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Native Californian, biologist, wildlife conservation consultant, retired Smithsonian scientist, father of two daughters, grandfather of 4 small primates. INTJ. Believes nature is infinitely more interesting than shopping malls. Born 100 years too late.

Sunday, November 23, 2014

Little Earthmover

Ever wonder what a mountain beaver does outside of its burrow?


I guess I'm not surprised. 

Well, have a look anyway.

Here's some footage of a mother and her offspring taken during last summer's Camera Trapping Workshop in the northern Sierra Nevada.

There's not much to say.

Mountain beavers are just like big pocket gophers when it comes to moving earth. 

Tuesday, November 18, 2014

How to kill a dead snake

The background to this video concerns my good neighbor, a hard-working businessman, dog-lover, Iron Man competitor, irrepressible optimist, and electronic wizard who loves all things natural, except rattlesnakes.

When California's foothills warm up in the spring, Pacific diamondback rattlesnakes show up to lounge in the morning sun.

And last spring my neighbor from Chicago, let's just call him Larry, started finding rattlesnakes lounging in his backyard.

When this happens most folks around here start to curse and do a little fandago with a shovel or hoe while beating the snake to a pulp.

And that pretty much describes how this rattler met its demise.

Larry was kind enough, however, to deliver the corpse in a bucket, and after removing its head, I stashed it in a hole dug by a local pair of gray foxes.

The camera showed how a cautious fox "kills" a dead snake.

Its reaction tells me this wasn't the first time it used the old "shake and break" method to dispatch a snake.

But it makes you wonder if gray foxes prey on rattlers very often, and if so, how risky is it?

I imagine that as long as a fox seizes a rattlesnake somewhere away from the head, and shakes it quickly and violently, it can inflict a fatal whiplash and prevent a venomous bite.

It's not something I expect to see, so someone else will have to prove it.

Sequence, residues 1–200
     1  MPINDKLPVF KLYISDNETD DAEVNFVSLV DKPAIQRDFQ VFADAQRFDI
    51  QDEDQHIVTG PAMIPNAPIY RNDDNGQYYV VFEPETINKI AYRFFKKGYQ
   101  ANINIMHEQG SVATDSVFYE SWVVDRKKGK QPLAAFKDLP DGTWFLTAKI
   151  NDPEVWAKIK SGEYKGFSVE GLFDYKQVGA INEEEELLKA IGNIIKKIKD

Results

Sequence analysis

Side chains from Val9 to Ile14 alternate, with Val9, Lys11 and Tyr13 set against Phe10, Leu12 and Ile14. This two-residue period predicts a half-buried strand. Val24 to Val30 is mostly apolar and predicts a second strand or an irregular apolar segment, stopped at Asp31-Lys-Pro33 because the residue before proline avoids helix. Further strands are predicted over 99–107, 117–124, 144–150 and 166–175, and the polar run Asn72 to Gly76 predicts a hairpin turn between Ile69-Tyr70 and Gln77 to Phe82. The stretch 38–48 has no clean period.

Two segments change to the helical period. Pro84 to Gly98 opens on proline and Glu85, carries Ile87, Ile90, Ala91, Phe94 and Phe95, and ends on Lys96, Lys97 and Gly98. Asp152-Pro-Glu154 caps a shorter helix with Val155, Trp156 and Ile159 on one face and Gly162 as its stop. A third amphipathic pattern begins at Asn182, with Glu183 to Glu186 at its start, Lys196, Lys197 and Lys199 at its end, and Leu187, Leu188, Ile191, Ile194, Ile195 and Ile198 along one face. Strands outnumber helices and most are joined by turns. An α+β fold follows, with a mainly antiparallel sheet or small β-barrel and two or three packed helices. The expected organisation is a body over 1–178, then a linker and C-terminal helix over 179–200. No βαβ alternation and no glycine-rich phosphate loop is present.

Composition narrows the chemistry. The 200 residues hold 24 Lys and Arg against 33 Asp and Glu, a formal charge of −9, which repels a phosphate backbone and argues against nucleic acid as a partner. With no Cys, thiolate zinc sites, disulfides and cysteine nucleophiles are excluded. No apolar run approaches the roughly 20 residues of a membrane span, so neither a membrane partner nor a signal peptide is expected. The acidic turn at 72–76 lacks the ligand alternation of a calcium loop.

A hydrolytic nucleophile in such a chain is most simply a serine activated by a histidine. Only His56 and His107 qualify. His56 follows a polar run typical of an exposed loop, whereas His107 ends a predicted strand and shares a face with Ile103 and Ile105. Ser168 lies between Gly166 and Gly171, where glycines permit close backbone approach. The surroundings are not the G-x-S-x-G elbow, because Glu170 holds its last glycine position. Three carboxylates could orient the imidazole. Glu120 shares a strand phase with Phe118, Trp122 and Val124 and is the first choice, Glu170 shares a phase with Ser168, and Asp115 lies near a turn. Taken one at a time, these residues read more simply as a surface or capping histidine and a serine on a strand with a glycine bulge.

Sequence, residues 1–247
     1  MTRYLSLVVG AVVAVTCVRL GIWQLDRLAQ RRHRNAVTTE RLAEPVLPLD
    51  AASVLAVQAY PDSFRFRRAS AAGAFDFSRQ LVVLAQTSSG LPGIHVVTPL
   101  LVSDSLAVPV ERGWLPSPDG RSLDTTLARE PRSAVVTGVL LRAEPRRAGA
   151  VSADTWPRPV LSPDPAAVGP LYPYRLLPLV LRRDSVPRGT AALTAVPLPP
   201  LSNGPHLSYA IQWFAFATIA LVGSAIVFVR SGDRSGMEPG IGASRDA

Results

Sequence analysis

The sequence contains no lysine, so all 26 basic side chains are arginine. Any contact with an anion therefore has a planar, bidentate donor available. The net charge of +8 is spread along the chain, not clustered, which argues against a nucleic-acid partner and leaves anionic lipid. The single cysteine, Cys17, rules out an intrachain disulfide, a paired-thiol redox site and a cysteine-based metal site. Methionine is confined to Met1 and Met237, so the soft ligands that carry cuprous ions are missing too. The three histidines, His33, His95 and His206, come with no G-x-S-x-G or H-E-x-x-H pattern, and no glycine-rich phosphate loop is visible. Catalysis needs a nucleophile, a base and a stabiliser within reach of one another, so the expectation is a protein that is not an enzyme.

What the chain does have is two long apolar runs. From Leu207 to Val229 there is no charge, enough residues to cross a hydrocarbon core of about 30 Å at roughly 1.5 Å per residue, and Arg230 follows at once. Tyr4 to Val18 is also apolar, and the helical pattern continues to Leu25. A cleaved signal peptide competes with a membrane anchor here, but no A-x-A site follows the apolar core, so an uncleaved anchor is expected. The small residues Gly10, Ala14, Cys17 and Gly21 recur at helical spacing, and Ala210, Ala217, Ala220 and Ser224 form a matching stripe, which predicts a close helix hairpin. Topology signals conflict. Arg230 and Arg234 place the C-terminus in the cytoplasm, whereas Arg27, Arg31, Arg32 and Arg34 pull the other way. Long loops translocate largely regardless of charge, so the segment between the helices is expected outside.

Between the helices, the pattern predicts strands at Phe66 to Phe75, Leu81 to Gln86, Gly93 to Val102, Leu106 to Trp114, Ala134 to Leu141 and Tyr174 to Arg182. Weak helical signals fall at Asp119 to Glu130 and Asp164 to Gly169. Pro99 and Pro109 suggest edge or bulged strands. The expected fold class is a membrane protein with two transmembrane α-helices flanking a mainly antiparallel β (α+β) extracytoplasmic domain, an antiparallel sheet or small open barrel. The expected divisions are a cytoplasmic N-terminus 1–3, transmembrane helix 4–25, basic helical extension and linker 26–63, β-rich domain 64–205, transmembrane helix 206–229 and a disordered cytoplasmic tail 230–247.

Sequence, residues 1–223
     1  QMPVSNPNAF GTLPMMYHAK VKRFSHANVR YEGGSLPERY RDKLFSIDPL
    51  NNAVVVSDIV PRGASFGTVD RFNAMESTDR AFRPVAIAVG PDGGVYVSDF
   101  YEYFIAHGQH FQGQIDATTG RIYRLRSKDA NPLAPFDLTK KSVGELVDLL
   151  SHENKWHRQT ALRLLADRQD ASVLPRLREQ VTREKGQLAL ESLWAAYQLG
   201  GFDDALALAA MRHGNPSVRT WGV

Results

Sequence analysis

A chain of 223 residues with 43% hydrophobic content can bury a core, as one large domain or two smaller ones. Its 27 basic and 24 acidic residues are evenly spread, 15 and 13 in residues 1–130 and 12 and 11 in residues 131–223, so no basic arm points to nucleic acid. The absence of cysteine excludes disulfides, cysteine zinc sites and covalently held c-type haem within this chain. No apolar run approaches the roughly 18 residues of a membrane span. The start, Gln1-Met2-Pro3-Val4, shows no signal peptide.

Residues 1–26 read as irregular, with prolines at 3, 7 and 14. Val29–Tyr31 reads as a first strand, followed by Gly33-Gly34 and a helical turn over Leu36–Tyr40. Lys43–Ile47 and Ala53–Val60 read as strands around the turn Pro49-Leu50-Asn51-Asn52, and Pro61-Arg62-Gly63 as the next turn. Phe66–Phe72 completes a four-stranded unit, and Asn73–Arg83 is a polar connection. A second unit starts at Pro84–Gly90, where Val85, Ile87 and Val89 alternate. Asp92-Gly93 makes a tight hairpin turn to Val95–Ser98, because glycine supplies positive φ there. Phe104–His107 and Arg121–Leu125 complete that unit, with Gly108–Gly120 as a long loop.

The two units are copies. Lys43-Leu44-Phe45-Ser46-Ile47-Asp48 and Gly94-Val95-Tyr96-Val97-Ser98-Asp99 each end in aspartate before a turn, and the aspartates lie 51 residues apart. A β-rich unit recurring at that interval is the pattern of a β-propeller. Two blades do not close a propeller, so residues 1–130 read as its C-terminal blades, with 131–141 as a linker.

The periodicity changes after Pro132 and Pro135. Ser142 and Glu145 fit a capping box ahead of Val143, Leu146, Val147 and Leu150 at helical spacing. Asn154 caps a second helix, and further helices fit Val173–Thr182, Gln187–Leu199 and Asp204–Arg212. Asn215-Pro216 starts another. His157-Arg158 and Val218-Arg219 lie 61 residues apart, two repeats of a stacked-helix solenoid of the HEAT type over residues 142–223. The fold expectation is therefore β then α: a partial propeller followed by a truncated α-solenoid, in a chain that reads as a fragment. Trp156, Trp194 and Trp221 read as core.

Sunday, October 19, 2014

Slinky grim reaper of the underworld

Long-tailed weasel with prey.

There's a good reason weasels are long and skinny.

It's "essential to the profession of a burrow-hunting rodent predator...", wrote weasel expert Carolyn King.

This photo of hunter and quarry was taken in a mountain beaver burrow, and it would seem to prove the point.

But did this long-tailed weasel kill the golden-mantled ground squirrel in the burrow?  Or did it dispatch the rodent above ground and then drag it into the burrow?

Golden-mantled ground squirrels are common in the area, but you find them in dry open coniferous forests rather than the riparian woodland and thickets where mountain beavers dig their burrows.

I've camera trapped this mountain beaver burrow almost seven months in the past 4 years, and the graph shows that golden mantled ground squirrels are not among its users.

I suspect the weasel killed the ground squirrel above ground and dragged it into the burrow to feed out of harms way. That's how weasels operate.

But as the graph shows, a weasel is more likely to encounter a mountain beaver in this burrow than a golden-mantled ground squirrel, and the chickarees and voles down there certainly run the risk of meeting this slinky grim reaper as well.

One other observation: the camera failed to record the resident juvenile and adult mountain beaver during the last sampling period. At least one mountain beaver has always been present.

Has the weasel appropriated this mountain beaver's underworld?

Is its nest now lined with the soft pelts of the previous residents?

I'll update you next month.

A chickaree shells a fir cone in the underworld earlier this month.


King, C. 1989. The natural history of weasels and stoats. Cornell University Press, Ithaca.

Thursday, July 10, 2014

Errant Mountain Beaver

Folks up here on the ridge were recently roused to declare their biophilia when a mountain beaver was reported swimming down the Butte Creek Flume.

One of our local naturalists, a retired bike-riding school teacher known by his avatar Forest, documented the rare event in video.